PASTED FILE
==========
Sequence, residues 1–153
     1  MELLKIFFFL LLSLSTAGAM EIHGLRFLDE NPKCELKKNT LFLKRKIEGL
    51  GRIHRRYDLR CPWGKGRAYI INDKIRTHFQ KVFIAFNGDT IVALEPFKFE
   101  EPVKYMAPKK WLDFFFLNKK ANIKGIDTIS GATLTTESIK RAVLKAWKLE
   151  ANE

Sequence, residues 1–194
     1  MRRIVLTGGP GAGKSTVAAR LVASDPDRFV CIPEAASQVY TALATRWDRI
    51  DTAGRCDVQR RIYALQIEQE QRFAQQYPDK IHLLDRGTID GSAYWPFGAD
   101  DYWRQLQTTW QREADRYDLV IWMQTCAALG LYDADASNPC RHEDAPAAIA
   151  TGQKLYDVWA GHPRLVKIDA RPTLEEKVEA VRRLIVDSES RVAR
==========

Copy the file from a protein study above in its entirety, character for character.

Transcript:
Sequence, residues 1–153
     1  MELLKIFFFL LLSLSTAGAM EIHGLRFLDE NPKCELKKNT LFLKRKIEGL
    51  GRIHRRYDLR CPWGKGRAYI INDKIRTHFQ KVFIAFNGDT IVALEPFKFE
   101  EPVKYMAPKK WLDFFFLNKK ANIKGIDTIS GATLTTESIK RAVLKAWKLE
   151  ANE

Sequence, residues 1–194
     1  MRRIVLTGGP GAGKSTVAAR LVASDPDRFV CIPEAASQVY TALATRWDRI
    51  DTAGRCDVQR RIYALQIEQE QRFAQQYPDK IHLLDRGTID GSAYWPFGAD
   101  DYWRQLQTTW QREADRYDLV IWMQTCAALG LYDADASNPC RHEDAPAAIA
   151  TGQKLYDVWA GHPRLVKIDA RPTLEEKVEA VRRLIVDSES RVAR